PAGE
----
, these writers capture small and large moments of the everyday. Thankfully, you'll find no Hollywood geishas here...just women living and surviving the challenges of their daily lives." Terry Hong, The Christian Science Monitor
(read the entire CSM review
Fresh, bold, and vibrant, Inside and Other Short Fiction
paints a vivid portrait of the lives of contemporary Japanese women through the most original, thoughtful, and cutting-edge fiction from Japanese women writers today.
With provocative titles such as "Piss," "The Unfertilized Egg," and "My Son's Lips," these eight short stories explore the issue of female identity in a rapidly changing society, where women have unprecedented sexual and economic freedom. From teens to fifties; married, single, divorced; the high school girl, the career woman, the sex worker, the housewife, the mother this anthology deals frankly and explicitly with a broad range of women's experiences, and showcases the very best of recent writing by Japanese women.
With eight short stories from Amy Yamada, Chiya Fujino, Shungiku Uchida, Tamaki Daido, Rio Shimamoto, Yuzuki Muroi, Junko Hasegawa, and Nobuko Takagi, this anthology presents a range of styles and perspectives from long-established favorites, prize-winning novelists, and outspoken newcomers many of whom are published here for the first time in English. The foreword is by award-winning Japanese-American novelist Ruth Ozeki, author of My Year of Meats, and the jacket art is a section of ID400 by internationally renowned artist Tomoko Sawara, whose striking photo-booth images of herself in various guises question her own identity and the identity of all women.
Inside and other short fiction showcases the very best of recent writing by Japanese women writers today-including prize-winning novelists and authors never before published in English-as they explore the issue of female identity in a rapidly changing society.
AMY YAMADA ("Fiesta"), widely published overseas and with many fans among Western readers, offers us a sophisticated psychological portrait of a sexually repressed woman. TAMAKI DAIDO ("Milk"), winner of the Akutagawa Prize in 2002, and talented young newcomer RIO SHIMAMOTO ("Inside"), paint two very different pictures of teenage life. The trials of a busy working mother are depicted by SHUNGIKU UCHIDA ("My Son's Lips"), who shocked Japan in 1993 with the publication of her novel, Father Fucker. YUZUKI MUROI ("Piss"), a prolific, popular and outspoken essayist, novelist and TV commentator, tells the sexually explicit and very moving story of a young Tokyo prostitute. Winner of the 1999 Akutagawa Prize, CHIYA FUJINO ("Her Room"), delves into the relationship between two women, one divorced and one single, with a subtle and powerful tale. Well-known essayist, JUNKO HASEGAWA ("The Unfertilized Egg") , makes a first foray into fiction with a hard-hitting portrait of the single thirty-something lifestyle. NOBUKO TAKAGI ("The Shadow of the Orchid") is a highly respected member of the Japanese literary establishment, and winner of many prizes, including the Akutagawa Prize in 1984. Her short story is a sensitive depiction of a moment of crisis in the life of a fifty-year-old housewife.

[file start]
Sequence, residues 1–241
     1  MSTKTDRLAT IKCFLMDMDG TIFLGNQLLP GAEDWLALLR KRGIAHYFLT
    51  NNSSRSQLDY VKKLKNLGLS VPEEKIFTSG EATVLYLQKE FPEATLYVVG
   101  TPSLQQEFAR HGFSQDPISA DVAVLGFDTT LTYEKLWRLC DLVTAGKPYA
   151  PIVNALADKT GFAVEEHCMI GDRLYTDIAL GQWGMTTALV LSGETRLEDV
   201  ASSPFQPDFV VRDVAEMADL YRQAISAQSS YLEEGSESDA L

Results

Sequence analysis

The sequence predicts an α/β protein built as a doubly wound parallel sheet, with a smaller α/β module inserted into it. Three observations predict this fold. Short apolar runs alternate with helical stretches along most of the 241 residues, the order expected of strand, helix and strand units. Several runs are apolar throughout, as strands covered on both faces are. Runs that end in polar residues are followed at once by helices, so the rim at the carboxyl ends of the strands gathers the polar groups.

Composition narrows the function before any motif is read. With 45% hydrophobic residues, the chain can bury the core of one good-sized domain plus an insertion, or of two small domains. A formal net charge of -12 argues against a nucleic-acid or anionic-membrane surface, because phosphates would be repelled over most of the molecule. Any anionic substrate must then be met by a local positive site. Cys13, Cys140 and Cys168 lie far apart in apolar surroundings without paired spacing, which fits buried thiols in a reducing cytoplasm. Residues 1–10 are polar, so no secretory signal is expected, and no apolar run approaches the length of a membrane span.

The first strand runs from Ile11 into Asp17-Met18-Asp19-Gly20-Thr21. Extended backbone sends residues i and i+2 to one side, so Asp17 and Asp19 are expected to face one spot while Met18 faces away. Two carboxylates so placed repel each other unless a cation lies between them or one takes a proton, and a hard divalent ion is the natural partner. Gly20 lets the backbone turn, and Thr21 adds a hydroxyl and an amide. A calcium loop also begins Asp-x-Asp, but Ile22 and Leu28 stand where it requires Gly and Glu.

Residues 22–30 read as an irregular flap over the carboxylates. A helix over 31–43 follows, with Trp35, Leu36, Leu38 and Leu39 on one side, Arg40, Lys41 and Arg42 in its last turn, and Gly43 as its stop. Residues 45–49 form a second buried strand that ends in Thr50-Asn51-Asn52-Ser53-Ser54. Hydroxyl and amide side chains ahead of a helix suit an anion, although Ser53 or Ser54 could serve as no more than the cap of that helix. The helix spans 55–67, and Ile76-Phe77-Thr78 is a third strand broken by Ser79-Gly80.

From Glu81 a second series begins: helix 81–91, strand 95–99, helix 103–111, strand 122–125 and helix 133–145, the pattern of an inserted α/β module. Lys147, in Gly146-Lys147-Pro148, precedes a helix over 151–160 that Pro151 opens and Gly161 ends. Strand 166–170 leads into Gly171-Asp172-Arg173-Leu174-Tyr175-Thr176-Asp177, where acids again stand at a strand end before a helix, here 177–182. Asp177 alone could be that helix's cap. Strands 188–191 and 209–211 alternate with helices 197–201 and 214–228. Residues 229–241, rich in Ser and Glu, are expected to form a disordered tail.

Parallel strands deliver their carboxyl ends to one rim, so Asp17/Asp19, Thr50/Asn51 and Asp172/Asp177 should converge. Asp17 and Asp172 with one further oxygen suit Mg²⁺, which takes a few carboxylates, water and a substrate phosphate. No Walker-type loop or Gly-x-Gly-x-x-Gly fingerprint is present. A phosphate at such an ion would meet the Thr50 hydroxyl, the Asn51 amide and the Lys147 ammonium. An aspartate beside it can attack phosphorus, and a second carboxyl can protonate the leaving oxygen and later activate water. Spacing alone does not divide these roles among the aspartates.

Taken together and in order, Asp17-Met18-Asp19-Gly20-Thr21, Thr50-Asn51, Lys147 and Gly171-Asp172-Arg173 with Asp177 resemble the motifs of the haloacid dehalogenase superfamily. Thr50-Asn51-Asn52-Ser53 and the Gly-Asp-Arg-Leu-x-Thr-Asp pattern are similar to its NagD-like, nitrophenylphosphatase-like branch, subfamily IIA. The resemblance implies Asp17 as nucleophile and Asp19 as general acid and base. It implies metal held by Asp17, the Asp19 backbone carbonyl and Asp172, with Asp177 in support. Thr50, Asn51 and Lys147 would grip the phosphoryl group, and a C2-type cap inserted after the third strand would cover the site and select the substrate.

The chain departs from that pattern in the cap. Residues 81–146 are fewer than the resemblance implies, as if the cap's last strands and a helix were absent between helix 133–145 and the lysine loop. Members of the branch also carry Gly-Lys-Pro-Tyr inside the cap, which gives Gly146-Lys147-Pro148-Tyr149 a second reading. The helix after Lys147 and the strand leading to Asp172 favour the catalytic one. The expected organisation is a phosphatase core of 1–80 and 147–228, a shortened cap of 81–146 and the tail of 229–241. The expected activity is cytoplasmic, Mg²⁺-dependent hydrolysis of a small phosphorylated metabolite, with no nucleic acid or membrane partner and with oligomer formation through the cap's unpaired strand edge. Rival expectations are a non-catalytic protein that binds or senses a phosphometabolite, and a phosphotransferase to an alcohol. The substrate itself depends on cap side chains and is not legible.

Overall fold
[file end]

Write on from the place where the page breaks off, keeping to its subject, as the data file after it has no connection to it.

Collection of eight short works--"cutting-edge fiction from today's Japanese women writers--"that explores the universal issues of female identity, and deals frankly and explicitly with a broad range of women's experiences. *Foreword by American novelist Ruth Ozeki; jacket art by world renowned photographer Tomoko Sawada.
About the Author
RUTH OZEKI is the popular and award-winning Japanese-American author of My Year of Meats
and All Over Creation
. She divides her time between New York and British Columbia.
The jacket art is a section of ID400 by TOMOKO SAWADA, an artist famous both in Japan and overseas for striking photographic images that question the identity of women.